So I’ve begun to think about some tables for TTL and as of right now I’m leaning toward showing everything per plate appearance (or at bat/ball in play when appropriate). Now for hitting stats this is how it’s done and it makes perfect sense. However for pitching stats, rate stats tend to be per inning or per 9 innings (ERA, WHIP, K/9, HR/9, etc.). Now it doesn’t make intuitive sense to talk about “earned runs per plate appearance,” but for everything else I don’t know why we still don’t use the same denominators as when looking from a hitter’s perspective.

For instance, this year Carlos Marmol is certainly having an outstanding season, striking batters out at nearly 16 per 9 innings (which would be a record). However, while much more than half of his outs are coming via the K, he has truck out 41.1% of the batters he has faced. This is slightly ahead of the 38.5% posted by Billy Wagner this season and trails the 44.8% posted by Eric Gagne in his 2003 season and the 42.5% posted by Brad Lidge in 2004. No doubt Marmol is having a very good season, but the choice of denominator here is what really counts. Excluding walks and especially hits from the equation doesn’t really make much sense in this case; why should the fact that a ground ball sneaks through the hole rather than become an out make a difference on how successful a pitcher is at striking guys out?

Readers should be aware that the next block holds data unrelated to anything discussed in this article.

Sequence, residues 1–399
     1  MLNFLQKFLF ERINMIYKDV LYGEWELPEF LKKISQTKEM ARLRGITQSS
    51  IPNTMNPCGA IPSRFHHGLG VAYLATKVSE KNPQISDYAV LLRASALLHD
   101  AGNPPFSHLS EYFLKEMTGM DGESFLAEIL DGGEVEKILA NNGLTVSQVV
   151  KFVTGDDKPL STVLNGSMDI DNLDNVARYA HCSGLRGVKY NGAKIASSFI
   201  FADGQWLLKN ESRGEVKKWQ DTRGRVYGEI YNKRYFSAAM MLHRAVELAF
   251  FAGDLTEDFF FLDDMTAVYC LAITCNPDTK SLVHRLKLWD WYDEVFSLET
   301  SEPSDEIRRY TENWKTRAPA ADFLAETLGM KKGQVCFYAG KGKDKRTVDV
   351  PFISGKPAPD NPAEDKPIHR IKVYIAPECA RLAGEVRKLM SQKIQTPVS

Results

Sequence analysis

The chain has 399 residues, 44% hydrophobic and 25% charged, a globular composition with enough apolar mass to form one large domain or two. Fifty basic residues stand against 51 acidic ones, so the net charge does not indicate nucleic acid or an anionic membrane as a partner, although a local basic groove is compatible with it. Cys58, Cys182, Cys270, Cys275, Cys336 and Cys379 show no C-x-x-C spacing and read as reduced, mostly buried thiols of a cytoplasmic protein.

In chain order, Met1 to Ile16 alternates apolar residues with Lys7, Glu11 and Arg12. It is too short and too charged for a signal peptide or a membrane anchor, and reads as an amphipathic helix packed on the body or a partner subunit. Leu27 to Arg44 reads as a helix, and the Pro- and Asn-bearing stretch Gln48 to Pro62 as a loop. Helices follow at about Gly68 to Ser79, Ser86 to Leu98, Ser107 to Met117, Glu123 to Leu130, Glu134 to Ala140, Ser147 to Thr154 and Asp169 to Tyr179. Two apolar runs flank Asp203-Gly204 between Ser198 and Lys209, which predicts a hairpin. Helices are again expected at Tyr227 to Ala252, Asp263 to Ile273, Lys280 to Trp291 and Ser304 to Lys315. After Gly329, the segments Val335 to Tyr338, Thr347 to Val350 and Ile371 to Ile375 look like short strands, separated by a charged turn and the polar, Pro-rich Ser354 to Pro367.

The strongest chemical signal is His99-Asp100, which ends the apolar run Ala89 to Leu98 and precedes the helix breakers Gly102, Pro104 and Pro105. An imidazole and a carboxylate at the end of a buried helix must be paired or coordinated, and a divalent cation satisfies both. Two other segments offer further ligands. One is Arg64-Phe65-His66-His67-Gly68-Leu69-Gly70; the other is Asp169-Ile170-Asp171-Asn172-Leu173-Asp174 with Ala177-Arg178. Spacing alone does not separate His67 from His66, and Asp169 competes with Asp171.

Therefore, what I’ve decided to do is display parallel stats for hitters and pitchers. These will typically be on a per plate appearance/at bat/ball in play basis, although I do want to show one of ERA/FIP/xFIP for pitchers and RC/27 for hitters (again to be parallel). Not only does this the process easier by keeping the same fields for both groups, to me it makes sense as the way we *should* be looking at stats. Hitters try to score runs, pitchers try to prevent runs; hitters try to get on base and pitchers try to make outs; hitters try to help their team win and pitchers do the same. Since it’s two sides of the same coin, why do we currently treat them differently in so many cases, even when looking at “advanced” metrics?